Authors of a perspectives piece in the current issue of the New England Journal of Medicine take a look at the evolution of the hospital emergency room (ER) over the last 50 years. They point back to a 1958 study conducted by leaders at Hartford Hospital, Hartford, CT, that found that ER use had increased at most hospitals nearly 400 percent between 1940 and 1955, even in communities with little or no population growth.
Almost half of the respondents attributed this increase in ER vistis to ”the inability of patients to reach physicians on weekends, nights or holidays for either emergency or urgent appointments and the orientation of the public to the hospital as a place where one can receive aid at all times.”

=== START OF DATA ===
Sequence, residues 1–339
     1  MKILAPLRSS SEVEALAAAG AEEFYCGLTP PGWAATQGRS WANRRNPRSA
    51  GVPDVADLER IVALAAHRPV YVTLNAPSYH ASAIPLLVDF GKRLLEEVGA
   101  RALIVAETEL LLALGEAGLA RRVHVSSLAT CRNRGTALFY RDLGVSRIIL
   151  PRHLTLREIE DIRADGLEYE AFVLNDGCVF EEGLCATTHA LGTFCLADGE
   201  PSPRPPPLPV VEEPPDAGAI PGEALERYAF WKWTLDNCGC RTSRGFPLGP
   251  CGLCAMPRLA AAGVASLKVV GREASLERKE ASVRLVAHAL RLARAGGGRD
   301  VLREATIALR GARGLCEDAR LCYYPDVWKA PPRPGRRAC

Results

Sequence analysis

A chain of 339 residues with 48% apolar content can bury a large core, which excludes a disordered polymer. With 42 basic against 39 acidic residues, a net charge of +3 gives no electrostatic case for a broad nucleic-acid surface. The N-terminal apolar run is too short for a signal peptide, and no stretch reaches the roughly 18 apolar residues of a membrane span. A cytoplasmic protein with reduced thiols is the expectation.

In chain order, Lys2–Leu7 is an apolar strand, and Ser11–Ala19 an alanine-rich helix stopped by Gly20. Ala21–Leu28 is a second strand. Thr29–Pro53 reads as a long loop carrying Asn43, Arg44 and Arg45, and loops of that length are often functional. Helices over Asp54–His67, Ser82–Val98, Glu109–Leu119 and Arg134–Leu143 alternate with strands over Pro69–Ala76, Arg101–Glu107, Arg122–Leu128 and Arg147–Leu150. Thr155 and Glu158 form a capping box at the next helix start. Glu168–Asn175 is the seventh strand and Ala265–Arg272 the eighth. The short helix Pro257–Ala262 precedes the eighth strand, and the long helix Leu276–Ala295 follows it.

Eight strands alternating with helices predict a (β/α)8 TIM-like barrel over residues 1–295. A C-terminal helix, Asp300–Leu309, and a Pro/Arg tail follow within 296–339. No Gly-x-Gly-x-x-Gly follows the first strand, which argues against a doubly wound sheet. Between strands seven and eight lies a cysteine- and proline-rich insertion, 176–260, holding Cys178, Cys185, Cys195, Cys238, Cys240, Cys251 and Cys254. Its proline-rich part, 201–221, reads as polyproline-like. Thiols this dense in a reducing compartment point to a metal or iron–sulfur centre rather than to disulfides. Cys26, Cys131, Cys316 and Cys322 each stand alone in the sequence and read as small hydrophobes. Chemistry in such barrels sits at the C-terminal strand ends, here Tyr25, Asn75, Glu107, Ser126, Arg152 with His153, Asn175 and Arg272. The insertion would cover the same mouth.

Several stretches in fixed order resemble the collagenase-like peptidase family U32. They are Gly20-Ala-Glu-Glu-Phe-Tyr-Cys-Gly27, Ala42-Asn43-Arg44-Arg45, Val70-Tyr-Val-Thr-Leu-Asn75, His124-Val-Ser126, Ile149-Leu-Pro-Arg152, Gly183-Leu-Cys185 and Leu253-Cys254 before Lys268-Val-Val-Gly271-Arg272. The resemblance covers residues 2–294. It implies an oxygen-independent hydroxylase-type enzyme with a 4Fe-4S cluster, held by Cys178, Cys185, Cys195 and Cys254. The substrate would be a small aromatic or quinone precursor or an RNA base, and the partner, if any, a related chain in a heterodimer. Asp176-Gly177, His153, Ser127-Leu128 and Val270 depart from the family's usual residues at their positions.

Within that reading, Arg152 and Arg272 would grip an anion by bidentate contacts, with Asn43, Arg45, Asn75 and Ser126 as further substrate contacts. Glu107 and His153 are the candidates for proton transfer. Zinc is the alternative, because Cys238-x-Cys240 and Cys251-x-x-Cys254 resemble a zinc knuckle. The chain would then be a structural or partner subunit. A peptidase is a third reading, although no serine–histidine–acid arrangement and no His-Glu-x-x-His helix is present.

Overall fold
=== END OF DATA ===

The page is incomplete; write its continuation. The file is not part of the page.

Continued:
The intervening years have seen many changes in ER operations, staffing patterns, therapeutic modalities, technology, and complexity of care. The authors of the current article characterize the ER as a microcosmic view of the community’s health care system, noting that “the quickest way to assess the strength of a community’s public health, primary care, and hospital systems is to spend a few hours in the emergency department.”
Source: Kellerman, A. L., and Martinez, R. The ER, 50 years on. New England Journal of Medicine. 364(24):2278-2279, June 16, 2011. http://www.nejm.org/doi/full/10.1056/NEJMp1101544
Posted by the Center for Hospital and Healthcare Administration History, (312) 422-2050, email@example.com.